Were they able to improve employees’ productivity by updating them on best practices and tools to use? Maybe they reviewed their company’s pricing tactics and and implemented improvements. Or they could even have used their financial credentials to help secure corporate funding from banks.

Remember: CFOs should be looked at as strategically accountable members of your board, not just objective financial reporters. The ideal candidate should have measurable and proven results to share with you.

A Good CFO Realizes that Customer Satisfaction is Vital

For any SaaS company, avoiding subscription cancellations should be a top priority. The percentage of total users who end up cancelling across a specified time span is known as a company’s “churn rate”. Since so much of SaaS finance revolves around recurring and subscription billing, your CFO should aim to keep churn as low as possible.

While you’re conducting interviews, be on the lookout for individuals who’ve created effective “anti-churn” strategies for other SaaS startups. These could include anything that entices customers to stay engaged with your product.

A few well-known approaches are:

  • Prioritizing Top Customers – Identify and cater specifically to your best, most loyal subscribers
  • Using Direct Feedback – Leverage customer reviews or other direct subscriber feedback to make specific improvements
  • Keeping In Touch – By regularly reaching out to your customers on social media, email, and other platforms, you’re more likely to stay top-of-mind. But make sure all communication is relevant, and don’t overdo it.
  • Asking Why Customers Leave – A certain amount of churn is unavoidable for any SaaS product. So, when it does occur, try to get insight on what’s causing it and view it as a chance to improve.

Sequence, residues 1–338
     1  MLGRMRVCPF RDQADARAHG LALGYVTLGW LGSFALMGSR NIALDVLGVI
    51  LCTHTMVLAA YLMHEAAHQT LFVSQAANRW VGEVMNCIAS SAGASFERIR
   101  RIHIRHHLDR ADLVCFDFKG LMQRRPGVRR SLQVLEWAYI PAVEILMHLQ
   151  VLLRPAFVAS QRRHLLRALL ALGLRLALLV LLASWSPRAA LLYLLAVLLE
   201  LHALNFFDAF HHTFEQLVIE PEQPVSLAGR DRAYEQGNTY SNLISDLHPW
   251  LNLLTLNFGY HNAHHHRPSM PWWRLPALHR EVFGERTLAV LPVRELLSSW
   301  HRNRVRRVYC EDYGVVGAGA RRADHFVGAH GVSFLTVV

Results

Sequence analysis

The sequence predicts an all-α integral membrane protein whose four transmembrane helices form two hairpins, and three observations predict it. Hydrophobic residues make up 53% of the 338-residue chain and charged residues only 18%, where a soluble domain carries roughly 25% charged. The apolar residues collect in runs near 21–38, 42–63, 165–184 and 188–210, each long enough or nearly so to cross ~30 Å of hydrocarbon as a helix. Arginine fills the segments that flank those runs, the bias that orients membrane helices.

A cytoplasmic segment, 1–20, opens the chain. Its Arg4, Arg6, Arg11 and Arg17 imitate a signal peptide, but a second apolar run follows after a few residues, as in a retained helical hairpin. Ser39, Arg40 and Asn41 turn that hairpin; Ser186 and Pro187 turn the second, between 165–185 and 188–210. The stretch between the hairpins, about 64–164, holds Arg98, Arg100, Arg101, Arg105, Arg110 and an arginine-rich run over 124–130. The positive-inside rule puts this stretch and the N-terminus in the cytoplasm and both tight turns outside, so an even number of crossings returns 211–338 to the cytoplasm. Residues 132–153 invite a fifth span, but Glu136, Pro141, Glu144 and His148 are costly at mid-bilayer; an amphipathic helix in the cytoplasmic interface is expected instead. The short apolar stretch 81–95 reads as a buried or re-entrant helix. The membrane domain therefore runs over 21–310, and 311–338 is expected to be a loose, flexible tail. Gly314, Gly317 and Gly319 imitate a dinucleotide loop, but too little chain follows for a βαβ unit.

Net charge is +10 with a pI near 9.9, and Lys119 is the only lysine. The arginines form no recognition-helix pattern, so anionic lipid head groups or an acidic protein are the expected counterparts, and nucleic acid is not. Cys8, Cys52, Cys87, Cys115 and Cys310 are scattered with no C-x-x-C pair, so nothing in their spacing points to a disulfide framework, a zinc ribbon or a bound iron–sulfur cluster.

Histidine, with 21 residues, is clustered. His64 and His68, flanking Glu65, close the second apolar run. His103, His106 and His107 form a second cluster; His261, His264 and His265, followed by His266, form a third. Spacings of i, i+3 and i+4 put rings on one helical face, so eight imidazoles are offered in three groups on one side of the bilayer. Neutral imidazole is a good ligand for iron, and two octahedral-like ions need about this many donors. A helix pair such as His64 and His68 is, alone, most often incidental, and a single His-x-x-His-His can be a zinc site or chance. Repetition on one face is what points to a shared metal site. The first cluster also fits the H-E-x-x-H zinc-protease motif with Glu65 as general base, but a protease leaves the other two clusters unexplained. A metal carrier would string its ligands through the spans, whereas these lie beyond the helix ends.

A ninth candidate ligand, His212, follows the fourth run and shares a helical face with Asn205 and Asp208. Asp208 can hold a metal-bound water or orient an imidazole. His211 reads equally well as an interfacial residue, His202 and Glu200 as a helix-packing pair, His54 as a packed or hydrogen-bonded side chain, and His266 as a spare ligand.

Any CFO worth their salt will have a natural aversion to customer churn, and a toolbox of different strategies to correct it when it happens.

They’ll Be Able to Improve Your CAC & CLTV

Your CAC is a measure of how much it costs your company to persuade a new user to sign up. It’s a very important metric to watch because spending too much on customer acquisition ties up resources you could use more effectively elsewhere.

Lowering your CAC should be a critical objective of any CFO you hire. Specifically, they’ll analyze the cost and effectiveness of different acquisition methods:

  • Your Marketing Team – Does it seem like there are processes in your marketing department that could be streamlined, or resources that could be used more effectively?
  • Advertising Expenses – Whether you’re running social ads, email campaigns or anything else, it’s critical for a CFO to do a cost-benefit analysis of your advertising strategies.
  • Your Sales Team – As with your marketing team, your CFO should look at the day-to-day effectiveness of your sales professionals. Are resources being maximized across the department?

 In conjunction with lowering your CAC, your CFO should also devise plans to raise your customer lifetime value, or CLTV. Your CLTV is a measurement of how much revenue an individual subscriber contributes to your company across the total length of their subscription history.

By working on these two metrics simultaneously, your CFO can help you make more revenue from your customers while converting them more cheaply.

Great CFOs Know How Important Financial Automation Is

Lastly, make sure you hire a CFO who understands the impact that financial automation can make on a SaaS startup’s trajectory.

In the hyper-competitive startup environment, CFOs who leverage automation accomplish more in less time, and free up precious resources for high-value strategies and tasks.